His agent arranged a helicopter ride from Glasgow to Carnoustie to ensure that he could make his 10:31 a.m. (local) tee time.

    One more issue? His clubs never made it. They were left back in Toronto.

    His caddie, Ruben Yorio, scrambled to put together a new bag, with a mismatched set of woods, irons, wedges and putter.

    “Luckily the (equipment) vans are still here,” Vegas said. “Otherwise I probably would have played with members’ clubs today.”

    He hit about 20 balls on the range – “Luckily they were going forward” – but Carnoustie is one of the most challenging links in the world, and Vegas was working off of two hours’ sleep and without his own custom-built clubs. He shot 76 but, hey, at least he tried.

    “It was fun,” he said, “even though the journey was frustrating.”

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    'Brain fart' leads to Spieth's late collapse

    By Rex HoggardJuly 19, 2018, 2:44 pm

    CARNOUSTIE, Scotland – The closing stretch at Carnoustie has famously ruined many a solid round, so Jordan Spieth’s misadventures on Thursday should not have been a complete surprise, but the truth is the defending champion’s miscues were very much self-inflicted.

    Spieth was cruising along at 3 under par, just two shots off the early lead, when he made a combination of errors at the par-4 15th hole. He hit the wrong club off the tee (4-iron) and the wrong club for his approach (6-iron) on his way to a double bogey-6.

    “The problem was on the second shot, I should have hit enough club to reach the front of the green, and even if it goes 20 yards over the green, it's an easy up-and-down,” Spieth said. “I just had a brain fart, and I missed it into the location where the only pot bunker where I could actually get in trouble, and it plugged deep into it. It was a really, really poor decision on the second shot, and that cost me.”


    Full-field scores from the 147th Open Championship

    Full coverage of the 147th Open Championship


    Spieth continued to compound his problems with a sloppy bogey at the 16th hole, and a drive that sailed left at 18 found the Barry Burn en route to a closing bogey and a 1-over 72.

    The miscues were more mental, a lack of execution, than they were an example of how difficult the closing stretch at Carnoustie can be, and that’s not good enough for Spieth.

    “That's what I would consider as a significant advantage for me is recognizing where the misses are,” said Spieth, who was tied for 68th when he completed his round. “It felt like a missed opportunity.”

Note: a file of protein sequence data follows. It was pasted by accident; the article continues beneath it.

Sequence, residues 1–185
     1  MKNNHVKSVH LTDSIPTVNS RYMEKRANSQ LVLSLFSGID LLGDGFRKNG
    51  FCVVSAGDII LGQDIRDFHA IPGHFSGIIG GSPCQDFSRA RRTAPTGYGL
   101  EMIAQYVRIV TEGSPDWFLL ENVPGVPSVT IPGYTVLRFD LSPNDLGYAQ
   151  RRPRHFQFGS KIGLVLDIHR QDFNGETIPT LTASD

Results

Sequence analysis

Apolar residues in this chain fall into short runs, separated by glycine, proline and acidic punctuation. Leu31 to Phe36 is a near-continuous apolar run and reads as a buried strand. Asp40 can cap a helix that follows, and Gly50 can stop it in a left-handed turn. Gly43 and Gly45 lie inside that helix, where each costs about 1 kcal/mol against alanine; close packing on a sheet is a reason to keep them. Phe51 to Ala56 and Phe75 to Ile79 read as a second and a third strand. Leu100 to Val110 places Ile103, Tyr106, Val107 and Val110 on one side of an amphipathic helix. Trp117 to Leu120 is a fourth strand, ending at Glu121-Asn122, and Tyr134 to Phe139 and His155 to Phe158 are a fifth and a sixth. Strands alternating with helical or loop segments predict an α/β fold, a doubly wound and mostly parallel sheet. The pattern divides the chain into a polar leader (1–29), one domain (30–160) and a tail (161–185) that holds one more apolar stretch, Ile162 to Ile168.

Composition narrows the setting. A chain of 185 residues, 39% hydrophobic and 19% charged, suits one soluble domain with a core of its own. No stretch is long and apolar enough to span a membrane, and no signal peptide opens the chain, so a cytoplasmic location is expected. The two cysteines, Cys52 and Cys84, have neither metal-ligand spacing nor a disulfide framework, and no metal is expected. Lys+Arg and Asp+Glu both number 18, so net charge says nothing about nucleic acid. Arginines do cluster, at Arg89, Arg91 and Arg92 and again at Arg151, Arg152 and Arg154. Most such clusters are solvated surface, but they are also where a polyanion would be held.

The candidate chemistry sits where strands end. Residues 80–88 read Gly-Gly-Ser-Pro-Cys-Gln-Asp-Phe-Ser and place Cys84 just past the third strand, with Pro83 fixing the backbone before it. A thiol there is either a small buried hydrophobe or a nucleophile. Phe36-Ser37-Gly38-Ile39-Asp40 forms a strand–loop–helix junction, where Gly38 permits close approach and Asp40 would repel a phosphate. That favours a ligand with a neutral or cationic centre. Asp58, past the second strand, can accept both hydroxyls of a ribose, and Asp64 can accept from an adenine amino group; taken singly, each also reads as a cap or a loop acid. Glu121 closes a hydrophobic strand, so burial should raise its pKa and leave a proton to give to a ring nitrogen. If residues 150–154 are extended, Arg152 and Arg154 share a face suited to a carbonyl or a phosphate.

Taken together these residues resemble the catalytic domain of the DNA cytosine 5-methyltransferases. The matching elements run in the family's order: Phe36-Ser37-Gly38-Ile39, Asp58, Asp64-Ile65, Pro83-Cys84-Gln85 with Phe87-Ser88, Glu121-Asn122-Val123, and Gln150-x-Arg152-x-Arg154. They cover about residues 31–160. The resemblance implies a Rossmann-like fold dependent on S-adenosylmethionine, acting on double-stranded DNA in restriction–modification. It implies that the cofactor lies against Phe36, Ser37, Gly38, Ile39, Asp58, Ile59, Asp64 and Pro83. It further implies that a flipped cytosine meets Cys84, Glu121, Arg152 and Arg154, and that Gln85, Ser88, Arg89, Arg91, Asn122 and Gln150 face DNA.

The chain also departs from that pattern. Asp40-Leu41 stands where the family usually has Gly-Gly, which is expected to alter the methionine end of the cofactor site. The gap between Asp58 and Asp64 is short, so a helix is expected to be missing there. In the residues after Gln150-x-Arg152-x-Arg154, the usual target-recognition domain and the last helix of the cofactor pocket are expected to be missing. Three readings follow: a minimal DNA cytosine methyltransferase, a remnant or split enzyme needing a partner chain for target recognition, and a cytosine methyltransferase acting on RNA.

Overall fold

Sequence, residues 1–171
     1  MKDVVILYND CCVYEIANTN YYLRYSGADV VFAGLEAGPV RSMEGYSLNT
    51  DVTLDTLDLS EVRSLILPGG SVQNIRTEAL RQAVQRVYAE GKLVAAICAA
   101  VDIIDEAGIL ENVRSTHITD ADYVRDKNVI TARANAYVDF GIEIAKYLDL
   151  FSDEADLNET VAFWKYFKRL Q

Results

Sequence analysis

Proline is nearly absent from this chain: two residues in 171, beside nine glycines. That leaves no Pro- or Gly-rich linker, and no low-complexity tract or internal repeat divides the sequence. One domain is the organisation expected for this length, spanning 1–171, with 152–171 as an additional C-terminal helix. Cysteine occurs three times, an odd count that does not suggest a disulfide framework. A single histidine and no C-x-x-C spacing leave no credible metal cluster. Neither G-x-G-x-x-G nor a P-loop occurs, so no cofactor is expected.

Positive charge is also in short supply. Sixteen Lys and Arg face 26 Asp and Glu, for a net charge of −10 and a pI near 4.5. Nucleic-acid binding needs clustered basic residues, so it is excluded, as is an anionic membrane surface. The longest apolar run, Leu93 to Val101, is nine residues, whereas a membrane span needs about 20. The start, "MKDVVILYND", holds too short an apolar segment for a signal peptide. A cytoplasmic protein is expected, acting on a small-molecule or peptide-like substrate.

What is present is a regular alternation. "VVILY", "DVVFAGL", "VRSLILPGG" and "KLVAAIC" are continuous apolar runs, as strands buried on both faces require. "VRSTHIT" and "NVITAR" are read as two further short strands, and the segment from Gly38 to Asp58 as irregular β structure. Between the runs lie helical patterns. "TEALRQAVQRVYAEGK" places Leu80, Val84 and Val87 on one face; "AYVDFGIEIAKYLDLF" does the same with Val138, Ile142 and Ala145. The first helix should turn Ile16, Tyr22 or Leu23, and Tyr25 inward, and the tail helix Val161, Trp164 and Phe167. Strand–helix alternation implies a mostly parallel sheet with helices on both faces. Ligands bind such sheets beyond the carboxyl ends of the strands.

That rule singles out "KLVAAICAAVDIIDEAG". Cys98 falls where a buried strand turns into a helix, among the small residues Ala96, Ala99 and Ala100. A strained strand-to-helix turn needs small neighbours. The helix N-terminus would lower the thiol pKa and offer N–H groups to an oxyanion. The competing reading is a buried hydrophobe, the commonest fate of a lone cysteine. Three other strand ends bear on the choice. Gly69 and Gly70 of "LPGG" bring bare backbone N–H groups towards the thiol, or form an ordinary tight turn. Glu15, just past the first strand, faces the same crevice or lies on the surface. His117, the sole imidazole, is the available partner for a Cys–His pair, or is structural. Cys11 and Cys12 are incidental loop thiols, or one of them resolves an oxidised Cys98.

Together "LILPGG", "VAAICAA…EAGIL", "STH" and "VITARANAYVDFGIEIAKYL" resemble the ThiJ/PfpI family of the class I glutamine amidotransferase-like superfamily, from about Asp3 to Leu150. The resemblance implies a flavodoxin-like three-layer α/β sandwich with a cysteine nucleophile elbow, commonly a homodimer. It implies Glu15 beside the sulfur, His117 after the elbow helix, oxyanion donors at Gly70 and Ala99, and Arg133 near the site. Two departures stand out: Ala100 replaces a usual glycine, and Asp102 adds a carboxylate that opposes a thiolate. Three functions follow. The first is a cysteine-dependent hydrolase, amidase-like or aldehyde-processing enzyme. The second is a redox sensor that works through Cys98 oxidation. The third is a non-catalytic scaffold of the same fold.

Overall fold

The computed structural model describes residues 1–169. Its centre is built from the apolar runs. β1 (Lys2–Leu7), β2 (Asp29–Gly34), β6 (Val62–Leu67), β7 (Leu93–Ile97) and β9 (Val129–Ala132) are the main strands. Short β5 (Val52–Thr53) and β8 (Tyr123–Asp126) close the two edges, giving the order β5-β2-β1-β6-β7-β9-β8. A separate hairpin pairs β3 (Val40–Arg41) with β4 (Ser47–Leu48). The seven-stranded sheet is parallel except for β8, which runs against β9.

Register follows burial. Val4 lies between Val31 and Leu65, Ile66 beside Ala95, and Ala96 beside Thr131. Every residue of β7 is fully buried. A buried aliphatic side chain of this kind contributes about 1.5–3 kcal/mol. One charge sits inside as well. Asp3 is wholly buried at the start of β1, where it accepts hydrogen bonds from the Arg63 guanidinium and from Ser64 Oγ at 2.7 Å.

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    Perez: R&A does it right, 'not like the USGA'

    By Rex HoggardJuly 19, 2018, 2:28 pm

    CARNOUSTIE, Scotland – Pat Perez didn’t even attempt to hide his frustration with the USGA at last month’s U.S. Open, and after an opening-round 69 at The Open, he took the opportunity to double down on his displeasure.

    “They (the R&A) do it right, not like the USGA,” Perez said of the setup at Carnoustie. “They've got the opposite [philosophy] here. I told them, you guys have it right, let the course get baked, but you've got the greens receptive. They're not going to run and be out of control. They could have easily had the greens just like the fairway, but they didn't. The course is just set up perfect.”


    Full-field scores from the 147th Open Championship

    Full coverage of the 147th Open Championship


    Concerns at Shinnecock Hills reached a crescendo on Saturday when the scoring average ballooned to 75.3 and only three players broke the par of 70. Of particular concern for many players, including Perez, were some of the hole locations, given how fast and firm the greens were.

    “The U.S. Open could have been like this more if they wanted to. They could have made the greens a bit more receptive,” Perez said. “These greens are really flat compared to Shinnecock. So that was kind of the problem there is they let it get out of control and they made the greens too hard.”